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Five Ways Agile In Automotive Will Pivot In 2021
Agile Development, a way to incrementally approach complex projects by decomposing it into smaller chunks and measuring the ability of the team to accomplish these bite-sized pieces, has absolutely taken ahold recently in the automotive sector. Companies attempting to forge into the brave, innovative world have realized the only way to measure completion towards commitments are ways of working akin to Agile. But after a very turbulent 2020, new Agile trends appear on the automotive horizon. Some of the 2020 Agile predictions came true — like those of WardsAuto’s Sergej Weber including an increasing demand for measurables (a.k.a. “Agile KPI’s”) — but now other Agile topics are seeking the spotlight. Below are five emerging Agile trends in automotive this year.
Distributed Teams Find A Way
While it looked strongly like Business Agility would outshine every other Agile trend in 2020, Covid-19 proved us wrong. Instead, the pandemic has pushed a much more fundamental issue to the forefront: distributed development. “Teams are spread across different countries and time zones, as well as working from home, says Weber. “However, Agile development was originally designed for collocated teams that communicate closely and respond quickly to changing conditions. With this lack of proximity, Agile teams will have to find ways in 2021 to replicate the same frequent, communicative dynamic as a collocated team, which is a major challenge.” Even as vaccines are widely distributed, hybrid office-home arrangements will persist, so the ways of working will need to morph with it.
Let’s Call It Agile Populism
More and more automotive industry beneficiaries are discovering Agility-as-a-Service for themselves. There are countless conferences, trainings, podcasts, books and even Agile influencers. The growing demand means snake oil salesmen are pedaling Out-of-the-Box Agile or Silicon Valley Agile without truly understanding the unique needs of automotive. Therein, Agile tailored appropriately to automotive is becoming more of a consultant-only or specialist topic. The hype is clearly overheating and will ultimately lead to Agile Fatigue and “fake news”, assuming it hasn’t already. The parallels to Six Sigma are becoming increasingly clear.
Agile Collaboration Across Company Borders
Automotive companies have been trying to implement new Agile scaling strategies for years. First, large-scale implementations of Scaled Agile Framework (SAFe), e.g. by General Motors GM +0.2%, Volvo, etc. seem ambitious but promising. Now, there is a new trend that needs to be addressed: Agile collaboration across company borders. Customer-to-supplier. Partner-to-partner. Technically, this isn’t scaling, but rather Agile Collaboration, which means that teams on the contractor and client-side work together in an Agile manner across organizational boundaries. As Weber predicts, “The German Association of the Automotive Industry (VDA) is about to publish a guideline that makes suggestions on how different aspects of Agile Collaboration. e.g., roles, meetings, and artifacts, which is expected to be released in March. Thereafter, expect to see more of this rolled-out between companies in 2021.”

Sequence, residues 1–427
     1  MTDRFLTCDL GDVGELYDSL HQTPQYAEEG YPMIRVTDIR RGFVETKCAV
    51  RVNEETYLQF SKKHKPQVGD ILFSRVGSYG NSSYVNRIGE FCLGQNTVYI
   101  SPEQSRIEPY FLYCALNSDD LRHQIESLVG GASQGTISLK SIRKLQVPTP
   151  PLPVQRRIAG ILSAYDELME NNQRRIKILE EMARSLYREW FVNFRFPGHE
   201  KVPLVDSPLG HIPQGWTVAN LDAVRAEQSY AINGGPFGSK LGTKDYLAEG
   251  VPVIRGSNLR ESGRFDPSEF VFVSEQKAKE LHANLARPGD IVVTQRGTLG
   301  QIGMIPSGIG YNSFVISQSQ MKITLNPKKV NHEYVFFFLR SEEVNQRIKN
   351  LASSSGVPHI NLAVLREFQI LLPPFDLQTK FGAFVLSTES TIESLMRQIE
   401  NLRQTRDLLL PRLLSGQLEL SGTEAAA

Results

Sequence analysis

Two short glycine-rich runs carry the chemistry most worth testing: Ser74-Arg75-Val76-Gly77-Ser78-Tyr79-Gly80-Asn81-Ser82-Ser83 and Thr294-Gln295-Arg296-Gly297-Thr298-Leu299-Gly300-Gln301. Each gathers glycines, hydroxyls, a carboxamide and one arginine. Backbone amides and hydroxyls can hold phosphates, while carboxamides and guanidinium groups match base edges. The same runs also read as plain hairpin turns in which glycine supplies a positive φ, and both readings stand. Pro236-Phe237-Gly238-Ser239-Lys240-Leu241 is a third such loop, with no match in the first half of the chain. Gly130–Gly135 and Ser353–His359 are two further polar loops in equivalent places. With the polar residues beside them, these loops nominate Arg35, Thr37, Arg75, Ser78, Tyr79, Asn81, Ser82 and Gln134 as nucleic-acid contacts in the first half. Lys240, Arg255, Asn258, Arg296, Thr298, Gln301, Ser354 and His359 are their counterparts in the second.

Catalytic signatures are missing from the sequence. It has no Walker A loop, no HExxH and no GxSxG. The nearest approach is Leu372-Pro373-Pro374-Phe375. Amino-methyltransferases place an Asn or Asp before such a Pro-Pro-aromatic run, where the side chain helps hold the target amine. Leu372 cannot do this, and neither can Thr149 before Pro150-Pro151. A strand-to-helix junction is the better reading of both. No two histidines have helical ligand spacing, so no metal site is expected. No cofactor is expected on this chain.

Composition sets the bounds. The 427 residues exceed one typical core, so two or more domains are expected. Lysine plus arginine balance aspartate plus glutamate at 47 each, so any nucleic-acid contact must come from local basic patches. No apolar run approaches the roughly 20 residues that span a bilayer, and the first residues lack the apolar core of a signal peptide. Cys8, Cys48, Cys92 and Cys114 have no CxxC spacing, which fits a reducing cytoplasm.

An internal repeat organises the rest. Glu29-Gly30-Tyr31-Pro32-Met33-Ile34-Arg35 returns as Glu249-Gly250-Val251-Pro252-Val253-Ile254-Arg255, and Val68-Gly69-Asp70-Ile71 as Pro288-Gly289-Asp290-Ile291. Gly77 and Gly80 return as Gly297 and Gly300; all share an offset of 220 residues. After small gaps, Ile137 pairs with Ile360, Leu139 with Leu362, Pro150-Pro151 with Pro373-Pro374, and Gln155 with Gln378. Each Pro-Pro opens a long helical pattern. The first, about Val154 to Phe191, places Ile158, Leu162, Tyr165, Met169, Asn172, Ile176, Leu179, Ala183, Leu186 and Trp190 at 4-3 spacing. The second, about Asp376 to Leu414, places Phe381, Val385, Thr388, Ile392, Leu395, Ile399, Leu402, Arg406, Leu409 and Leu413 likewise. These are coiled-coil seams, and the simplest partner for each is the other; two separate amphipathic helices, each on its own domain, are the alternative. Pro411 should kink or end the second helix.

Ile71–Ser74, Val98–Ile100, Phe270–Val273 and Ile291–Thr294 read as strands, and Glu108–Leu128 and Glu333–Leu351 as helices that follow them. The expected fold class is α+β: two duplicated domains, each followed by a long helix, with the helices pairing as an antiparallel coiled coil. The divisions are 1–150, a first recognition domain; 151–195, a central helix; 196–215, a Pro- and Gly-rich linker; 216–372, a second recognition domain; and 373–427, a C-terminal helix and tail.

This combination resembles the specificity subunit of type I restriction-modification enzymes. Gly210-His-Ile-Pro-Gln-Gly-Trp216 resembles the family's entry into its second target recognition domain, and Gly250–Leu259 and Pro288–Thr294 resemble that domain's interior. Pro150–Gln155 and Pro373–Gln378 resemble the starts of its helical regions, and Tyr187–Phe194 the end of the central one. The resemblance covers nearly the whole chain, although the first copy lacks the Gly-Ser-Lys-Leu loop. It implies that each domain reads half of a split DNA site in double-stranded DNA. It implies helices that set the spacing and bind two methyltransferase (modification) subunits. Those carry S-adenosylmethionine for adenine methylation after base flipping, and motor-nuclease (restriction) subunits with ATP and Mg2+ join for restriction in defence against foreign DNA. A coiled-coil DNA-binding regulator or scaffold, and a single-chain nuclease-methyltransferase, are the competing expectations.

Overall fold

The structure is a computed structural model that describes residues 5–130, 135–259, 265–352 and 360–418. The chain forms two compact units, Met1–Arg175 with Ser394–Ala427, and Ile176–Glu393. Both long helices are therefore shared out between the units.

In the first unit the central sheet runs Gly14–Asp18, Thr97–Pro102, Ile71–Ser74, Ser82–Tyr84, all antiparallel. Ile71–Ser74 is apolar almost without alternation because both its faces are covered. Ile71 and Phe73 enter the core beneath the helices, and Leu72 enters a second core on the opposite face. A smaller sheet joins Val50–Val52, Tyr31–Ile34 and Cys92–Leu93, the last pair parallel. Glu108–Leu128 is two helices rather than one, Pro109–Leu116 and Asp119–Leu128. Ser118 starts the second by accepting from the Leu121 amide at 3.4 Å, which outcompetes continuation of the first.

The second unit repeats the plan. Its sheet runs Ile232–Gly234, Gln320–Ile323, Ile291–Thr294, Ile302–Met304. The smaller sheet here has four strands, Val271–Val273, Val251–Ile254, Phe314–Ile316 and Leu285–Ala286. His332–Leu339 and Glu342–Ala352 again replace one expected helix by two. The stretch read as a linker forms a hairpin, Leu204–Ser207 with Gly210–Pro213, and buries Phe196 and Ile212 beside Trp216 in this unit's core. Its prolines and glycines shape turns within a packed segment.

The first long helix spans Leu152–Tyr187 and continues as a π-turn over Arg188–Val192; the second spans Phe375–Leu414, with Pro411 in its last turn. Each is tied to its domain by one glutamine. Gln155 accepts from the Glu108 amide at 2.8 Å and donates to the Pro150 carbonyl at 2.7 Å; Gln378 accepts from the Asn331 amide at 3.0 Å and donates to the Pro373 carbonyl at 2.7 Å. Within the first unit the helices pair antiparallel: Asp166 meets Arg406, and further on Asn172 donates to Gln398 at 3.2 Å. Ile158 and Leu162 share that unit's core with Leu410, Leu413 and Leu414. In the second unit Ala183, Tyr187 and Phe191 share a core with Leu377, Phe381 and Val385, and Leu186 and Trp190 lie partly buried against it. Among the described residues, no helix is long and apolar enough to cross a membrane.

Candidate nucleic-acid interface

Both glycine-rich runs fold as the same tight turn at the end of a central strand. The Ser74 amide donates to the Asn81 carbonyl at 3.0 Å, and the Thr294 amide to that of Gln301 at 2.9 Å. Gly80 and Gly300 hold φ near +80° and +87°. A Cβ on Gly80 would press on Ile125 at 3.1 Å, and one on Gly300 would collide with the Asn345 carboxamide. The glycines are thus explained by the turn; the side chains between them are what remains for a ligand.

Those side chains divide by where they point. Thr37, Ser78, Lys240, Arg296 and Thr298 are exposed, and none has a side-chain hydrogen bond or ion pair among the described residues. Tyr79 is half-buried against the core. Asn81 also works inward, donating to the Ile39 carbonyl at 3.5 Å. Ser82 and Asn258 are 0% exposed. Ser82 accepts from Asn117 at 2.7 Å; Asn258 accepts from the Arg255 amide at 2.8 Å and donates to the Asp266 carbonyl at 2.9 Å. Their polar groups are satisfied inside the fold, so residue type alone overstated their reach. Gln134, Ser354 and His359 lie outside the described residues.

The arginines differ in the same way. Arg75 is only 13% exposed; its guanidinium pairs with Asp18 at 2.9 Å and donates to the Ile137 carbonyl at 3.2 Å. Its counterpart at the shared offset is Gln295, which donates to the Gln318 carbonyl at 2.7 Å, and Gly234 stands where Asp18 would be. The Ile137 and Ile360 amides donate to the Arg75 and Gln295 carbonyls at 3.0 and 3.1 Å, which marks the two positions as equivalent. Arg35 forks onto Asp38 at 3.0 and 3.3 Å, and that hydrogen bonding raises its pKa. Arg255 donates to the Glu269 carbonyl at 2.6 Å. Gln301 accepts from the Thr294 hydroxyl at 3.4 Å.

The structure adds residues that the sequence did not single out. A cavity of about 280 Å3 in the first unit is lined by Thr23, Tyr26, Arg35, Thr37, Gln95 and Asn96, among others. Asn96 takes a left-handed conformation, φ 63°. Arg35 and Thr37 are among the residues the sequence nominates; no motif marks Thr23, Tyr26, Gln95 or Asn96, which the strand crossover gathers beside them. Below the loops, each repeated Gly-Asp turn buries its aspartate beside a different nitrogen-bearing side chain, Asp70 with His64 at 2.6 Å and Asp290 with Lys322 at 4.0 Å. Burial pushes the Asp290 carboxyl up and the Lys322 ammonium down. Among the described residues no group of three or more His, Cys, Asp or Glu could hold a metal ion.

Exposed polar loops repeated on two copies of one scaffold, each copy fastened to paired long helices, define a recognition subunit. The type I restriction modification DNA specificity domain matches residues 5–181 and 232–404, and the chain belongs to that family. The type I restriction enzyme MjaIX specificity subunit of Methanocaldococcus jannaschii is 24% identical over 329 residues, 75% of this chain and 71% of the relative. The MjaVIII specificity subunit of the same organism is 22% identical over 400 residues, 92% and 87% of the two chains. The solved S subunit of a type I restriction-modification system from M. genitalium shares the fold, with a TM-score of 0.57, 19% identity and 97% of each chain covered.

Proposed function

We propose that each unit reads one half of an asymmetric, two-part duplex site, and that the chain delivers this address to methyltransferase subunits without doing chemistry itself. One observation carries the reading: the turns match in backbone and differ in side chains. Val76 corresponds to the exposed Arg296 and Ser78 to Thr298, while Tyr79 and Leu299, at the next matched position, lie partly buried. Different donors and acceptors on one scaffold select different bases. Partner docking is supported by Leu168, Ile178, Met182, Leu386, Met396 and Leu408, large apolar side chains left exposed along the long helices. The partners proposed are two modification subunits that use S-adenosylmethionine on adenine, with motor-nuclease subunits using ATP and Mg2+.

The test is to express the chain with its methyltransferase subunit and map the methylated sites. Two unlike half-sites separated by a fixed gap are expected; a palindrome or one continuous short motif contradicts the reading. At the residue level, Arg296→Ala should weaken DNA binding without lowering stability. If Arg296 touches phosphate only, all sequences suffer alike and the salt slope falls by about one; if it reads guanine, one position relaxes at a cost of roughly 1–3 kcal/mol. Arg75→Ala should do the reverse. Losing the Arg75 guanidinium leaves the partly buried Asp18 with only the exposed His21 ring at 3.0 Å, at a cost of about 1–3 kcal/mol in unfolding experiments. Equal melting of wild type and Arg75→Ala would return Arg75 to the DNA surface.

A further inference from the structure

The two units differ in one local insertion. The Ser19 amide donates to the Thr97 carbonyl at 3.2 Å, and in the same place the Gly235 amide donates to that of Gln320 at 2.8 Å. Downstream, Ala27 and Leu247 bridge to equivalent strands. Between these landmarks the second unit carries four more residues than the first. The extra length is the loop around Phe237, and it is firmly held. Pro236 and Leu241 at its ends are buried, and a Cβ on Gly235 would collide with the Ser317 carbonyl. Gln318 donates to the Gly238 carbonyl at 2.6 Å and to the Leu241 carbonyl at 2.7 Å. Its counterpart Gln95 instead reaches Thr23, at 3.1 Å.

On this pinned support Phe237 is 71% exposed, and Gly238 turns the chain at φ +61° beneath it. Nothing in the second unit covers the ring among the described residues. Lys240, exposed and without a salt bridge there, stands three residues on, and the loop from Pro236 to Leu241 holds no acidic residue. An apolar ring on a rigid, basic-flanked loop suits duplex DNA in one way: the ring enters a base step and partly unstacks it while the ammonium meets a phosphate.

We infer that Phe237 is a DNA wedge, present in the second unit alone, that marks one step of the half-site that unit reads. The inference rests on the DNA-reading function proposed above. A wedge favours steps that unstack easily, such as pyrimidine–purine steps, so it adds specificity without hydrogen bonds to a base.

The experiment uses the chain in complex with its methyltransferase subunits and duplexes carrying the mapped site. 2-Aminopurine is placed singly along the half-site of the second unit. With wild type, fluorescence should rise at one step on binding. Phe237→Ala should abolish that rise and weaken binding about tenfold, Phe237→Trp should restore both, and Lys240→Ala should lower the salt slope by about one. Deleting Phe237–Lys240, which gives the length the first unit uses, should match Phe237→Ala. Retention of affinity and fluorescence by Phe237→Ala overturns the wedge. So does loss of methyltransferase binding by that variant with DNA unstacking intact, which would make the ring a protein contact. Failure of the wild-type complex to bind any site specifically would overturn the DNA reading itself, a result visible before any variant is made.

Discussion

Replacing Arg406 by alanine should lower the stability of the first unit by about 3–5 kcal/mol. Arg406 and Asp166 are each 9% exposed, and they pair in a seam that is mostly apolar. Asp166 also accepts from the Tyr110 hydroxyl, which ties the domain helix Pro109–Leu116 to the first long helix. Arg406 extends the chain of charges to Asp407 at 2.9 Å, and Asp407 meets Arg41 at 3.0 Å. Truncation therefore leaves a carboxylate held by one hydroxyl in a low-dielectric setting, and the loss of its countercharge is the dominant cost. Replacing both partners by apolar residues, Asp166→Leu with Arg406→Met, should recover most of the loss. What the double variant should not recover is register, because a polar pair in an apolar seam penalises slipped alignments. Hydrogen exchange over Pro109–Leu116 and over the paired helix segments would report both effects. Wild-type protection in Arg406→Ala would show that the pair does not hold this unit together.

The Flow Must Go On
There is much to suggest that Velocity (the measurement of how quickly a team can get through an amount of work) will soon be replaced by another Agile concept: Flow. As chronicled by the research of Katumba and Knauss while examining Volvo Cars, one of the key challenges of historical Agile is “… multitasking and frequent task switching ….” And as James Slavet wrote in his seminal 2011 Forbes article: “One of the most important management metrics of the 21st century is the percentage of time a team spends in flow state. Ideally, knowledge workers can spend 30-50% of their day in uninterrupted concentration.” Velocity incentivizes large work packages and heroism, e.g., a 13-story-point user story sounds grander than a lowly 3-point story. This misguided incentivization often leads to teams over-committing and under-delivering. In their book “PeopleWare” (1987), DeMarco and Lister define Flow as “… a condition of deep, nearly meditative involvement. In this state there is a gentle sense of euphoria, and one is largely unaware of the passage of time. There is no consciousness of effort; the work seems to well, flow.” In 2021 automotive companies will enable Flow via two important commitments: reducing batch size and preventing multitasking.
OKRs Make Their Way Into The Automotive Industry
Formulating goals is one of the core tasks of modern management and there is a whole range of methods in this respect. In the 70s we had MBOs (Management by Objectives), since the 80s S.M.A.R.T goals and KPIs (Key Performance Indicator) and since the end of the 90s OKRs (Objectives and Key Results), a technique for goal-oriented and modern employee management that has been in use first at Google. Now, this trend has finally arrived in both the Agile and automotive communities. “We are hearing at Kugler Maag Cie that in our customer’s boardrooms, the introduction of OKRs is being lively discussed, especially for use at the portfolio level,” says Weber. “A big enabler of this trend is the Scaled Agile Framework since version 5.0 introduced OKRs as a technique for describing strategic themes, and to make the link between enterprise strategy and portfolio vision a bit more concrete.” 2021 will see significant growth of OKRs intermingled with management decisions.
No surprise, but 2021 will see significant change from 2020. Thankfully.
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